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Route 66: Mythical Crossing

On the most famous road in the USA

1. Introduction

By the early 20th century, a road would become the backbone of a nation, embodying the promise of a better future, the pure American dream. Dubbed Route 66, this iconic thoroughfare of American culture winds through the heart of the United States, connecting Chicago to Santa Monica on an epic course of more than two thousand miles.
Let's summon the imagination of a golden Hollywood. Remember those period movies, where entire families boarded their gleaming cars, the radio spewing catchy melodies, ready to conquer the west. They were drawn to the promise of new life, endless adventures, and those neon signs that twinkled on the horizon, promising rest after a long day's drive. Artists such as Nat King Cole have immortalized this road in the song, urging listeners to "take their foot off Route 66."
But this road wasn't just a gateway for those looking for adventure or a better life. It was a reflection of a changing America, a nation in full expansion that saw in this road a symbol of unity and progress. Immortalized as the "Mother Road" by John Steinbeck, it offers a condensation of deep America. Each stop, each turn tells a story, whether it is that of an immigrant seeking his fortune, an artist in search of inspiration, or an entrepreneur hoping to prosper thanks to the manna of tourists who swept along the road.
So, dear readers, let me invite you on a journey through the history, major attractions and cultural significance of this mythical route. Embark with me in a vintage Cadillac, feel the wind in your hair and the nostalgic melody of the golden era of Hollywood in the background. The crossing starts here. Get ready to discover the buried secrets of this legendary Route 66.

2. History of Route 66:

The beginnings and creation of Route 66:
Route 66, the artery that stretches majestically through the vast and varied landscapes of the United States, has its roots in the American desire to connect the country from east to west. Established in 1926, it was the first paved transcontinental highway in the United States. Its iconic layout offered a mosaic of striking postcards, from gigantic cities to vast expanses of desert, coniferous forests and large lakes.
His budding romanticism had an almost palpable energy that attracted travelers from all over the country and around the world. It has become the preferred way to discover typical American scenes, whether old neon signs, charming roadhouses or fragments of kitsch Americana. It represented a dream, an adventure, an escape.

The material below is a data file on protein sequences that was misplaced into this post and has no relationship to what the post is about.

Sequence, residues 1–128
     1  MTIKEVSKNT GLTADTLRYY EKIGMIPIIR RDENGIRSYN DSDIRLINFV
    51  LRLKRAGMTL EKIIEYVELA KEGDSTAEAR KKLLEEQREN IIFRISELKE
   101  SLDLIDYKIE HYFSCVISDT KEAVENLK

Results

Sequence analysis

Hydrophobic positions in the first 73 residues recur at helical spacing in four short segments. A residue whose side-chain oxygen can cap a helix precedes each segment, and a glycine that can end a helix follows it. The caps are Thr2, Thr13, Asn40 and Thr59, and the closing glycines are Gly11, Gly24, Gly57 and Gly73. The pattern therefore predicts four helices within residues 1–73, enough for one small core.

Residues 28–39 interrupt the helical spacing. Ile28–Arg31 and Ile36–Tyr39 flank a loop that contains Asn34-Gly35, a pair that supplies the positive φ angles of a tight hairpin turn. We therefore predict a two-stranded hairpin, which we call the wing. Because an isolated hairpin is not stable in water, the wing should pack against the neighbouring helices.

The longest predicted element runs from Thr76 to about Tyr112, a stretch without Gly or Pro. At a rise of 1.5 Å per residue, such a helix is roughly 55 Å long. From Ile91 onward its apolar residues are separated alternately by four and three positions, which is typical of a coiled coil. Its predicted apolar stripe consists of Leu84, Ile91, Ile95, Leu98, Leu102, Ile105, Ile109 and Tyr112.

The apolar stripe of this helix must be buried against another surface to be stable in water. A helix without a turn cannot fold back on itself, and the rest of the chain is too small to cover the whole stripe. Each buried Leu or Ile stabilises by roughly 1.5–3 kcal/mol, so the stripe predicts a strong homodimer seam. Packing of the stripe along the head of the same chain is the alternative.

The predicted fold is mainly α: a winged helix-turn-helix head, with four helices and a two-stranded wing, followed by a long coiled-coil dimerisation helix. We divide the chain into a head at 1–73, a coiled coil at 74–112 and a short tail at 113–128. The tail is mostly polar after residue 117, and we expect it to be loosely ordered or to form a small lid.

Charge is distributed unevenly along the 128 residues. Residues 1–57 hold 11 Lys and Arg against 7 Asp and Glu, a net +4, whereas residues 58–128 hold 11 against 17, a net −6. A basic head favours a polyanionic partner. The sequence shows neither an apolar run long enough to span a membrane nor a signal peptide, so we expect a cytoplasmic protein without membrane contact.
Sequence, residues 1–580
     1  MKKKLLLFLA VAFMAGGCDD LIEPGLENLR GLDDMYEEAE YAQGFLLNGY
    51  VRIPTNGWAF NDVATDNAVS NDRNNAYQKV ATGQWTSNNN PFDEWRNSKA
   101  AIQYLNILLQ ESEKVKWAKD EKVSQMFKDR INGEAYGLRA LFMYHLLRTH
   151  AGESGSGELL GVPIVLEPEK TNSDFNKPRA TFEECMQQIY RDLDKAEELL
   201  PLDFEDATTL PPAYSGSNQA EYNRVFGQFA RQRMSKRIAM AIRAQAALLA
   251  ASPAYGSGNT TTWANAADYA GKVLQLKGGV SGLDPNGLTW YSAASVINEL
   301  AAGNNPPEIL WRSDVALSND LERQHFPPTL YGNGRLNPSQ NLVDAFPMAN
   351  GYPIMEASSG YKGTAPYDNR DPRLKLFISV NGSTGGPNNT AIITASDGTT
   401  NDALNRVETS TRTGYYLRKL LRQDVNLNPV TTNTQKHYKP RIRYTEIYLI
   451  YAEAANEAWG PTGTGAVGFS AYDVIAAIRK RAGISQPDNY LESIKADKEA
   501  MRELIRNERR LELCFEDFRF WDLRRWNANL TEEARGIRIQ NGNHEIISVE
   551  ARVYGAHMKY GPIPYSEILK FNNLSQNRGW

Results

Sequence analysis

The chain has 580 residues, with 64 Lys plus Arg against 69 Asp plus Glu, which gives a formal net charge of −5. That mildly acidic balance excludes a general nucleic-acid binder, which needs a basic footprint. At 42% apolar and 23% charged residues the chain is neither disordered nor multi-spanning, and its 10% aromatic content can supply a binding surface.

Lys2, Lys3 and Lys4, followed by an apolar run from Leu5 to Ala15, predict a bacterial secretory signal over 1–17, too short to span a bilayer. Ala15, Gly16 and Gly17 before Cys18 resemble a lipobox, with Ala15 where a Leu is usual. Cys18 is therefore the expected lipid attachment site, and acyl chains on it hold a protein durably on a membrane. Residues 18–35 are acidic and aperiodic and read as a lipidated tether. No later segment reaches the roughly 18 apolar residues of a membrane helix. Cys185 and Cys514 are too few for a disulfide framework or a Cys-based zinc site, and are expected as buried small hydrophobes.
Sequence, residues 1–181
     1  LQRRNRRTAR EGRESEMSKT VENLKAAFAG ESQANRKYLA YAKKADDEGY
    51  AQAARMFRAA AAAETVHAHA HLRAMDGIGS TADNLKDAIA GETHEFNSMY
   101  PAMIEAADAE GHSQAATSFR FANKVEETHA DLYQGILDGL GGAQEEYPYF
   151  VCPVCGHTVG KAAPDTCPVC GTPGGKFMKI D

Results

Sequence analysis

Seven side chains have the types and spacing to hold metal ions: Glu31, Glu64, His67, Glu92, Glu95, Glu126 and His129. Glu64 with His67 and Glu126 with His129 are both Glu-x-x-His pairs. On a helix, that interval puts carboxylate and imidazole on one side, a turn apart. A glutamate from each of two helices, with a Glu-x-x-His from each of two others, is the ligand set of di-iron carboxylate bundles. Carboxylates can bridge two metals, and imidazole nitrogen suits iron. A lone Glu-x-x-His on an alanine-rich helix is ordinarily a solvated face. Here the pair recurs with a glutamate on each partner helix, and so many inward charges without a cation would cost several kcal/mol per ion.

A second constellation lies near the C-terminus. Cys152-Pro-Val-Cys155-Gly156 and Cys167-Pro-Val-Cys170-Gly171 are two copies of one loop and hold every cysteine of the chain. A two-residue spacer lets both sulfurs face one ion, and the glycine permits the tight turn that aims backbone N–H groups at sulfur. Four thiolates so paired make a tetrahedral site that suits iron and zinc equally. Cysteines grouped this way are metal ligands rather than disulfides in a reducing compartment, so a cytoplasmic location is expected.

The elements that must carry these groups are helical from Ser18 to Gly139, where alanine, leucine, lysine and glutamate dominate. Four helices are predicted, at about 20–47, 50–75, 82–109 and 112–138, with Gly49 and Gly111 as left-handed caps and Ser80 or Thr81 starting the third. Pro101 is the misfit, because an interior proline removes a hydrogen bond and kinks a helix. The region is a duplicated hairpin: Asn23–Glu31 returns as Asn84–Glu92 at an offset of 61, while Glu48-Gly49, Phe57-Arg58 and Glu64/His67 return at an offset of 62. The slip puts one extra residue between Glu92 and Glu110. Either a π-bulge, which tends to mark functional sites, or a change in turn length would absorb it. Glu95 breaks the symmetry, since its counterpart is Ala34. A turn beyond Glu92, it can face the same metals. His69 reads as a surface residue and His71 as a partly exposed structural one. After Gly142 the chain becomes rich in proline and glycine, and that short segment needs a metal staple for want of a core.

Its evolution over time, from its creation to its worldwide fame: Over time, Route 66 has transcended its original role as a transportation route to become an American cultural icon. Millions of drivers, artists, and adventurers have walked its route, captivated by its raw beauty and promise of exploration. The America of the 50s and 60s, with its bubbling energy and aspirations for progress, saw in this road a symbol of unity and adventure.
But, as Hollywood cinema often shows us, every beautiful story has its dark side. Gradually, starting in 1985, Route 66 began to die out, abandoned in favor of new highways. Its small stalls, iconic motels, and gas stations began to close, one by one, plunging this legendary road into oblivion. Entire towns along the road have turned into veritable ghost towns, reminiscent of scenes from old Hollywood movies where time seems to have stopped.
Yet even in its decline, Route 66 has retained a place in the hearts of travel lovers. His worldwide fame has persisted, fueled by artwork, films and songs. Iconic figures like John Steinbeck have immortalized it in literature, and Hollywood cinema has often celebrated its essence.
There are roads that are simple traffic lanes and then there is Route 66, the one that transcends the notion of route to become a living myth. A memorable hymn to American greatness, which still resonates in the hearts of all who have walked through it.
The echo of R&B music permeates the journey, alluding to this historic route. The song recorded by Nat King Cole in 1946, "Route 66", immortalized this highway, reminding travelers that they could find pleasure, get their thrills, on this journey. A melody reminiscent of the simple pleasures of life on the road, from the sparkling of neon signs to the curiosity of small roadside shops.
But why is Route 66 so iconic? This is largely due to its nickname, the "Mother Road", a term popularized by the great writer John Steinbeck in his masterful work " The Grapes of Wrath". For many Americans, this road was more than just a route; It was a symbol of hope, renewal and adventure. During the Great Depression, thousands of families took this route, hoping to find a better future in California.
Route 66 and Hollywood also had a special relationship. The magic of cinema has often taken this route, capturing its aura in countless films, telling stories of American travels, adventures and dreams. That's how movies like "Easy Rider" and TV series like "Route 66" have brought this mythical road into living rooms around the world, immortalizing it as the epitome of the American dream.
Route 66 is not just a road. It reflects the dreams, hopes and perseverance of several generations. It is a backdrop for the stories that have shaped America and continues to capture the imagination of those who aspire to travel through it.

3. Attractions and Emblematic Sites:

The must-see places along Route 66.
Ah, Route 66, that breadcrumb trail that winds through the heart of America, silent witness of its evolution through time. This route, both cinematographic and geographical, represents a pilgrimage for many travelers, in search of the authentic soul of the country.
Start your trip in Chicago, not only because it's the traditional starting point, but also to soak up the city's live music, museums, and architectural wonders. The skyscrapers along the Chicago River tell a story of innovation, with buildings like the Tribune Tower, the Wrigley Building and the Willis (Sears) Tower testifying to the audacity of human vision.
Route 66 itself is a kaleidoscope of American scenery: quaint cafes, historic motels like the Wigwam Motel and Blue Swallow Motel, and trading posts like the Jack Rabbit Trading Post. Not to mention Arizona's natural wonders, like the Grand Canyon, Petrified Forest National Park, and Barringer Crater.